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PowerPoint and SVG - Page 01

Learn about the use of SVG content in PowerPoint.


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Product/Version: PowerPoint



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Archived Content

Content on this page is not recent and has been retained for historical reasons.

Introduction
SVG Sounds Familiar
Whatever Happened to Flash?
The SVG Viewer
Installing the SVG Viewer
SVG Sample Galleries
Creating or Converting SVG
Inserting SVG Within PowerPoint
What's ActiveX?

Continued on Page 2 >


Introduction

Although this article addresses the use of SVG with and within PowerPoint, a rather long introduction to SVG preludes the actual content. This is because SVG is not rather widespread as yet, and many readers would benefit from a basic introduction. If you are already SVG-aware, please feel free to skip the introductory paragraphs.

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SVG Sounds Familiar

The term SVG could ring a bell somewhere—or maybe you draw a complete blank. On the other hand, you may also be professionally using this format day in and out. So, what's SVG?

SVG is an abbreviation for Scalable Vector Graphics and also the three-letter extension that's given to such files.

The main promoter of this format has been Adobe, the kingpin of the graphics application market, with programs like Photoshop and Illustrator under its belt. Adobe is also the force behind two industry standards: EPS (Encapsulated PostScript) and PDF (Portable Document Format). SVG fits in snugly in Adobe's strategical thinking in its vision of extending its standards to the web media.

The SVG format in itself is an open standard, not owned as such by Adobe. It is certain that without Adobe's continued support for SVG, the format would have been not half as well known! So, it is not surprising that we lead you to Adobe's site in your quest for more information regarding SVG:

Adobe SVG Zone

The World Wide Web Consortium (W3C) has a detailed SVG section with links to umpteen SVG related sites:

W3C Overview of SVG

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Whatever Happened to Flash?

With all the praise being showered by W3C on SVG, it would not be out of place to wonder about the fate of that other format: Shockwave Flash. It's no secret that Macromedia's Flash format is the forerunner and inspiration for Adobe's SVG initiative. Incidentally, Adobe creates a Flash content creation tool called Adobe LiveMotion. It is widely believed that the next version of LiveMotion will allow SVG output as well.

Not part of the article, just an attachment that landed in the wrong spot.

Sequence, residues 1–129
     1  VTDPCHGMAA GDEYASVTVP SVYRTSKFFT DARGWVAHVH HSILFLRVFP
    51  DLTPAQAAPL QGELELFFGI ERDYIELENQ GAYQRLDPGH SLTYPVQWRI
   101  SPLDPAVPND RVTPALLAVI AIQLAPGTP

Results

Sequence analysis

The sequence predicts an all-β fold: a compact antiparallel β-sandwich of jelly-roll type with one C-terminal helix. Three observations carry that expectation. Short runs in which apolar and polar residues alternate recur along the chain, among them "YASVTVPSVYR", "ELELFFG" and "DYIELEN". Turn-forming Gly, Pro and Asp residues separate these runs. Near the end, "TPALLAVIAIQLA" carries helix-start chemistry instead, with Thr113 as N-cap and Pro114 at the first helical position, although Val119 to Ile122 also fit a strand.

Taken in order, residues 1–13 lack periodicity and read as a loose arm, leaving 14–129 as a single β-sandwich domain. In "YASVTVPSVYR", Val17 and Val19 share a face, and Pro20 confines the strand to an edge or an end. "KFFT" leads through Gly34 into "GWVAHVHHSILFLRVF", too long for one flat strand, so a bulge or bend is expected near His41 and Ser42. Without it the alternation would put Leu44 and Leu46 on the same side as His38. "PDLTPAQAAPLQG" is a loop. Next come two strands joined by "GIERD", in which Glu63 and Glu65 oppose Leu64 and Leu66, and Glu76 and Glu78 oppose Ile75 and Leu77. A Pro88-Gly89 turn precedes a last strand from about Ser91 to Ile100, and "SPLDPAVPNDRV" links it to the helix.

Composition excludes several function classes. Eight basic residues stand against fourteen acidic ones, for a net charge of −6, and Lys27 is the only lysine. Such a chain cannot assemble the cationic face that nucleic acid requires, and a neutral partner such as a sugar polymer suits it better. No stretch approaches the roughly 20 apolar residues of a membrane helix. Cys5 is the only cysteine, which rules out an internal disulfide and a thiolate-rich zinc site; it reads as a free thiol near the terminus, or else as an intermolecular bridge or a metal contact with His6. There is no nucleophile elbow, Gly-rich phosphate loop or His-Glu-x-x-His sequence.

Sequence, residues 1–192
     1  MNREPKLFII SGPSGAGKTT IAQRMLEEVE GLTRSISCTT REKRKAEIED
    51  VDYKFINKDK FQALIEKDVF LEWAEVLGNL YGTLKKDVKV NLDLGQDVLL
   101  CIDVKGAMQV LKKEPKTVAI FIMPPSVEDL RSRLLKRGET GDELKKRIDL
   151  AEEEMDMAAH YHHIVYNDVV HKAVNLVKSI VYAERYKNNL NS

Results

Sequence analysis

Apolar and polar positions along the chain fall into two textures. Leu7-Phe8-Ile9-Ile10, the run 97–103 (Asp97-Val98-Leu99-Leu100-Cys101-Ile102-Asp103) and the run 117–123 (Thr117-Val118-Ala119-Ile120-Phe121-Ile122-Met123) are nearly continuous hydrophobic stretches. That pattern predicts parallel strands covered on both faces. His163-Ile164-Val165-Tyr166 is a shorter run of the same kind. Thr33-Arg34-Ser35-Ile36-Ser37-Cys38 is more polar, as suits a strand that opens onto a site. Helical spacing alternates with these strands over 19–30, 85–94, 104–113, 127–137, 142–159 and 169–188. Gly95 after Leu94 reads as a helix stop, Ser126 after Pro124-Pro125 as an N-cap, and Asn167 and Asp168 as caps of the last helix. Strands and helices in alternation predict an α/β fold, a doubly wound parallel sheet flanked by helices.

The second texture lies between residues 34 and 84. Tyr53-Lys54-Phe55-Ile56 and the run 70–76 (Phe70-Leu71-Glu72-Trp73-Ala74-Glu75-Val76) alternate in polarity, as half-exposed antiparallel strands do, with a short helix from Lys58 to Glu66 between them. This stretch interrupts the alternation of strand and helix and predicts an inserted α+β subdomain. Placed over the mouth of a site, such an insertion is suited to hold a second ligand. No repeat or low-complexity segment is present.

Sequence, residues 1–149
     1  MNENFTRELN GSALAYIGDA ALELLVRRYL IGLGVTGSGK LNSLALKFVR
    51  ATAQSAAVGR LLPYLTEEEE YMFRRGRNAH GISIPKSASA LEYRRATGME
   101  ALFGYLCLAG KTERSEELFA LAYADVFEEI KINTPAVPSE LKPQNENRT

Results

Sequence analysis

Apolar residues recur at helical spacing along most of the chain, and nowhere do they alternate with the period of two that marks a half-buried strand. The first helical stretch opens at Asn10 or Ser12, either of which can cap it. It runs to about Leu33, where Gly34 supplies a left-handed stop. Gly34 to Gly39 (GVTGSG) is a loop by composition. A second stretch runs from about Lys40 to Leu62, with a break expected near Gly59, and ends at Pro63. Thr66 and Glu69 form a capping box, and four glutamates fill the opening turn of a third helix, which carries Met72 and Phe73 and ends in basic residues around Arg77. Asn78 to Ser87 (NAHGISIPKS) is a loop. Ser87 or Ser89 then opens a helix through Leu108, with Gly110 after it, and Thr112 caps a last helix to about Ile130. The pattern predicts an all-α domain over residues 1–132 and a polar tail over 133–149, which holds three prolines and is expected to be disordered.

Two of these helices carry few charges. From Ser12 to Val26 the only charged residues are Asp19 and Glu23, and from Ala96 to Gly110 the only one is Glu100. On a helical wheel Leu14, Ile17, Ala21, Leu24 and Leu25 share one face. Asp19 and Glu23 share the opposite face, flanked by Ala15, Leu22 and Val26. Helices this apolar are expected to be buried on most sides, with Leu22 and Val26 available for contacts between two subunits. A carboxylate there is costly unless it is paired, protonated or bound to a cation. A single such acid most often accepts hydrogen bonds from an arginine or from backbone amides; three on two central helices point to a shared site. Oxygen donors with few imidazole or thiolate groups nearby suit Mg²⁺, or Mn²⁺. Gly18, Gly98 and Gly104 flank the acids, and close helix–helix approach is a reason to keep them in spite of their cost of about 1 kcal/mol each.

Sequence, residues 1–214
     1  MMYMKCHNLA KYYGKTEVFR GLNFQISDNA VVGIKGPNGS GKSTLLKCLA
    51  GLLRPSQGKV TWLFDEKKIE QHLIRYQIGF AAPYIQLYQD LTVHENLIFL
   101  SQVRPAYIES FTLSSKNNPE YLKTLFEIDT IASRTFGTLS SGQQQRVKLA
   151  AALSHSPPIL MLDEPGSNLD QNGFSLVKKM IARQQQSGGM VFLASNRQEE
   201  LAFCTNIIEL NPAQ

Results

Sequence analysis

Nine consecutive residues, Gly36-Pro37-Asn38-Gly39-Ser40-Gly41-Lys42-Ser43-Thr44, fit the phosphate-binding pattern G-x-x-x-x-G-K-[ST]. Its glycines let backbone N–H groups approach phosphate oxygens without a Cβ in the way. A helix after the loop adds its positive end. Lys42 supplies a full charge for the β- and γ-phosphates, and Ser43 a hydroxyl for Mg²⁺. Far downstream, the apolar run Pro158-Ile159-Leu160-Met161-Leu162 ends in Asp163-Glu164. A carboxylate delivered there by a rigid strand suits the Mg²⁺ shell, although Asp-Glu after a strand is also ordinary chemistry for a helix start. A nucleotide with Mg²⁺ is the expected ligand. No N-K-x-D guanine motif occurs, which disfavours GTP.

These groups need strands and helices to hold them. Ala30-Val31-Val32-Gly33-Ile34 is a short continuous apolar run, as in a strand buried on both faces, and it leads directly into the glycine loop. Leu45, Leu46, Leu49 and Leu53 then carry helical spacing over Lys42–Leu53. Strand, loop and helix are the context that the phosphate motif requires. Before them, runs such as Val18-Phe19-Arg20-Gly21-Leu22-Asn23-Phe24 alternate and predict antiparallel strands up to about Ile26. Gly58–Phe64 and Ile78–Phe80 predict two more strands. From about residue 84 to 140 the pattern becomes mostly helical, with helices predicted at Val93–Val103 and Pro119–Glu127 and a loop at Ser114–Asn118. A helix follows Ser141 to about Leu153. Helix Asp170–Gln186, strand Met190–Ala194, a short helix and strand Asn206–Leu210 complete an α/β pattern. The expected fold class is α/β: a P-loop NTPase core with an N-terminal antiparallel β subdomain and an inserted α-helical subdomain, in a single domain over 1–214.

The capabilities of both the Flash SWF and Adobe SVG formats are similar. Yet, in many ways, they are complementary to each other. A more detailed comparison can be found at:

Moock.org SVG Section

A Neumann's Flash - SVG Comparison

You can learn more about Macromedia Flash at:

Macromedia Flash

Not withstanding the onslaught of SVG, Macromedia's Flash format still reigns supreme. Now an open format controlled by Macromedia, it's a well known fact that Flash has more developers and output routes than ever before.

Although the Flash plug-in or ActiveX control comes preinstalled in a majority of contemporary operating systems and browsing environments, the Macromedia site allows free downloads of the latest version of such a viewer.

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The SVG Viewer

The Adobe SVG Viewer is an application that allows you to view SVG graphics on your system. Installing the Viewer also enables your browser to view inline SVG graphics. Also, the SVG Viewer may be already installed on your system if you installed a recent full or trial version of Adobe Illustrator or GoLive. Adobe's direction with SVG can be gauged from the fact that it is freely distributing the Adobe SVG Viewer with newer releases of Adobe Acrobat Reader. If you would like to test your browser for its SVG viewing capabilities, visit the following link:

Adobe SVG Plug-in Test (Archived page)

In our case, the plug-in responded as positive, perhaps due to an earlier installation of Adobe Acrobat Reader 5. In case your plug-in test is not positive (or if you are using an older version), you will be redirected to the relevant page for a free download of the SVG Viewer:

Adobe SVG Viewer Download (Archived page)

The current version of the SVG Viewer (version 3) weighs at around 2.25 megabytes for Windows. A similar viewer is available for the Apple Macintosh as well.